Europe's Refugee Deal With Turkey Is Working, Sort Of

Europe bound?

Photographer: JOE KLAMAR/AFP/Getty Images

The European Union’s deal with Turkey to control the flow of refugees to Europe has been a success -- if success is defined narrowly. A lasting solution to this crisis, however, will require more than simply closing off one way onto the continent.

The deal, under which Turkey accepts refugees from Greece in exchange for 6 billion euros ($6.9 billion) and the right for its citizens to visa-free travel in Europe, is an almost (but not quite) unbearable compromise. Before the agreement, and before Macedonia closed its border with Greece, up to 10,000 asylum seekers a day crossed the Mediterranean to the Hellenic Republic. Hundreds died in the attempt.

Now as few as 50 people per day are arriving on the Greek islands. It’s undeniable that the agreement is saving lives. It may also allow Europe to keep open its internal borders, which brings huge economic benefits to the entire continent.

Meanwhile, refugees are finding other ways to get to Europe. In April, some 500 people died when their boat capsized en route from Libya to Italy. To close this passage, the EU can't cut a deal with Libya like the one it made with Turkey, because Libya barely has a government. Instead it is negotiating with other countries whose citizens often arrive to Europe by way of Libya, such as Nigeria.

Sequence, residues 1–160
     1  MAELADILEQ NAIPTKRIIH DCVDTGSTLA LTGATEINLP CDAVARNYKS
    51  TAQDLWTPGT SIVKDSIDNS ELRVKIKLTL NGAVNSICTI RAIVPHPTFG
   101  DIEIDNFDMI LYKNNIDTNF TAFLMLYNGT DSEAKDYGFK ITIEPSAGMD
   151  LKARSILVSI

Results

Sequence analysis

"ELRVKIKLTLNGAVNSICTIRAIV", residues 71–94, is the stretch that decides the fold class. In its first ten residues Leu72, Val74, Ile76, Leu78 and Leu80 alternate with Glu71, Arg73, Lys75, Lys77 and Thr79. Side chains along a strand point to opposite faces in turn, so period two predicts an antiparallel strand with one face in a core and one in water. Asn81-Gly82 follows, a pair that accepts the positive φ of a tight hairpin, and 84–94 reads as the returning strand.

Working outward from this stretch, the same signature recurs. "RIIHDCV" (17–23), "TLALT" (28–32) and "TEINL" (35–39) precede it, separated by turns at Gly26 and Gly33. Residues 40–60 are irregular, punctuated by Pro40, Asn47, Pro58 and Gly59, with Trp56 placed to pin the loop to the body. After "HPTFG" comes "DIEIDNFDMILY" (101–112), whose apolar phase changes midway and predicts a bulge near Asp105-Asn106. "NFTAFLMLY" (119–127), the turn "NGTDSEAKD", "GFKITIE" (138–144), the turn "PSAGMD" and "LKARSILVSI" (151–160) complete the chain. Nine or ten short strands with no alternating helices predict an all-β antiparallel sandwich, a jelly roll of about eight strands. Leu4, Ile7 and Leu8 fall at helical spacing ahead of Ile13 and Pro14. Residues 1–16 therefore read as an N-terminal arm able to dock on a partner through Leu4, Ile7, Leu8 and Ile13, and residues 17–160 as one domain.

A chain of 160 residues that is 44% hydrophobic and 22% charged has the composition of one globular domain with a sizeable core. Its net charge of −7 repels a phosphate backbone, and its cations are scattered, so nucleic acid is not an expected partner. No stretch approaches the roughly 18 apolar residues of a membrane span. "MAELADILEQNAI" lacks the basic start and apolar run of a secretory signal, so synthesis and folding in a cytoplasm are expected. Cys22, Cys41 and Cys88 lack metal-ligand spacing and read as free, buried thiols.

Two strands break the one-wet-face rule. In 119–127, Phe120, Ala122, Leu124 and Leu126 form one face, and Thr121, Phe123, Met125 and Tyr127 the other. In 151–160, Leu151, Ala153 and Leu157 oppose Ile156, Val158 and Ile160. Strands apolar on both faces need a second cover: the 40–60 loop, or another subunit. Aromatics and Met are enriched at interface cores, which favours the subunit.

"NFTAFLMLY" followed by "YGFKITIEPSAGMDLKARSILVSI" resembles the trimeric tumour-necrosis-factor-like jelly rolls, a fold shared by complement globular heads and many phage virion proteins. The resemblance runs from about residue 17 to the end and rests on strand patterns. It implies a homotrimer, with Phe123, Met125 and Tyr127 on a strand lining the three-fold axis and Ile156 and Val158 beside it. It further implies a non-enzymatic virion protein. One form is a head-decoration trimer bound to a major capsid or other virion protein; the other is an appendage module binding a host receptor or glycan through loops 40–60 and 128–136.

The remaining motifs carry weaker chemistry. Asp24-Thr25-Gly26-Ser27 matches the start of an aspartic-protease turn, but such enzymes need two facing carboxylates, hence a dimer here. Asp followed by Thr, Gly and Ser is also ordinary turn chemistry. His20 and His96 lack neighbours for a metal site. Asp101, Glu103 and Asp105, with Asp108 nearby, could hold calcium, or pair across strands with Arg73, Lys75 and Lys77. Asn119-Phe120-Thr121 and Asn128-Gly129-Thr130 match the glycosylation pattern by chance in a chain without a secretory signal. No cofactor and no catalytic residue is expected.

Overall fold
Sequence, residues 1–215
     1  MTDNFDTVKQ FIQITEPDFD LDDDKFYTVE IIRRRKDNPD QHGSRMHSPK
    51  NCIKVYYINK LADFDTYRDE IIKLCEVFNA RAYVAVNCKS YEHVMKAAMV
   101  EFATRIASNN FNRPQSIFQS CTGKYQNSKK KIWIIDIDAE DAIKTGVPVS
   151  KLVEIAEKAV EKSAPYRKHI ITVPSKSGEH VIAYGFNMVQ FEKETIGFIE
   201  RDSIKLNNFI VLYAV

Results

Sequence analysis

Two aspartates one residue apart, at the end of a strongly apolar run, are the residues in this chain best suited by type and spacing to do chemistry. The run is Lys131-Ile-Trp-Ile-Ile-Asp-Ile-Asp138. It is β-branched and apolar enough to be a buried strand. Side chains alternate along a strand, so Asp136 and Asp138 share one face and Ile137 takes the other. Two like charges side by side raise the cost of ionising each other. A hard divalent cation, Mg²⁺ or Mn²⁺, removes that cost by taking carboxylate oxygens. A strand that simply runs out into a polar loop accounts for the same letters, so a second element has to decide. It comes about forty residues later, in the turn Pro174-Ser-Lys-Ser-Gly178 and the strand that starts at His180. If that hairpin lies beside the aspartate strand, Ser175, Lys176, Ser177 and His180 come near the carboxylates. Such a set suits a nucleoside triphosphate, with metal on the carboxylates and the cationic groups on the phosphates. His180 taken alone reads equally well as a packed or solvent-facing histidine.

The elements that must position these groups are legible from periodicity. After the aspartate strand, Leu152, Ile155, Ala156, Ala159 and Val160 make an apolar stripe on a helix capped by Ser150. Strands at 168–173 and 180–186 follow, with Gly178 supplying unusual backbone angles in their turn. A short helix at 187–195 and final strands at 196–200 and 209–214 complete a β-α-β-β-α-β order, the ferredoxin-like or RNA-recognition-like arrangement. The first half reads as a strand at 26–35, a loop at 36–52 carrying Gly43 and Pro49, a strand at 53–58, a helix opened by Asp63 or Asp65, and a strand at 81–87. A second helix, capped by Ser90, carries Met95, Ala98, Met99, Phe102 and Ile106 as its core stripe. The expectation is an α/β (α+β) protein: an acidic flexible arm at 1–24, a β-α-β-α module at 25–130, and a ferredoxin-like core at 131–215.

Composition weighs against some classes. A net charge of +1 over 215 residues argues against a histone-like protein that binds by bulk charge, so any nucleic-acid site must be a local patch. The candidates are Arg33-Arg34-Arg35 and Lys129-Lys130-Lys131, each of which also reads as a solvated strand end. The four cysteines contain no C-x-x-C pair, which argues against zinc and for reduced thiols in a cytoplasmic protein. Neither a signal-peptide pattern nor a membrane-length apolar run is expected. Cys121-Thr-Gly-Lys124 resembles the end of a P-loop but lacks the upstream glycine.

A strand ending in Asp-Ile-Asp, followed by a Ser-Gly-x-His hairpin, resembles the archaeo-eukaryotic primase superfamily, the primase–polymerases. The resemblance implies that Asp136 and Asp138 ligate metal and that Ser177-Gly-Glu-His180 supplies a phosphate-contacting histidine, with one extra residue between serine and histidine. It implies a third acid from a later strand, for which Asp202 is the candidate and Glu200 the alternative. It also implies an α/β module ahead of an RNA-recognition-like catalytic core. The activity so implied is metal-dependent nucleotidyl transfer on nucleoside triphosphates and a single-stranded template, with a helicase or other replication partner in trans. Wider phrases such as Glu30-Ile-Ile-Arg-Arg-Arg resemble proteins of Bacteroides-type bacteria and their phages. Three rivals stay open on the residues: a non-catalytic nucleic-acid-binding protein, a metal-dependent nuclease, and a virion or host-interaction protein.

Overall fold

These are ad hoc solutions. Attempting to close off each emerging avenue of emigration is a hopeless undertaking. For both humanitarian and security reasons, the refugee crisis demands a more comprehensive response.

Last year, more than 1 million asylum seekers arrived in the EU. The core innovation of the Turkish deal -- the EU’s acceptance of one vetted refugee already in Turkey for each unvetted refugee Turkey accepts from Greece -- is limited to 72,000 people. Once refugees are no longer attempting the trip from Turkey, the "one-for-one" deal implies that there will also be no more resettlement. 

Refugee resettlement is critical, because it provides a legal and safe way for those fleeing war to apply for asylum in the West. But any program has to be big enough to give refugees some reasonable hope of success. Last year, EU officials floated a proposal to resettle 200,000 refugees annually. That’s still not enough, but it’s better than 72,000.

Unfortunately, in too many countries in Europe, even one refugee is too many. Austria has toughened immigration rules to enable it turn away virtually all asylum seekers, for example, while the U.K. parliament has blocked a plan to accept 3,000 unaccompanied Syrian children.

Conflict in the Middle East has caused this crisis. Fear and lethargy in Europe have made it worse. Arriving at a comprehensive solution may be beyond Europe's leaders at the moment. Make no mistake, however: Responding to each emergency is necessary, but it is far from sufficient.

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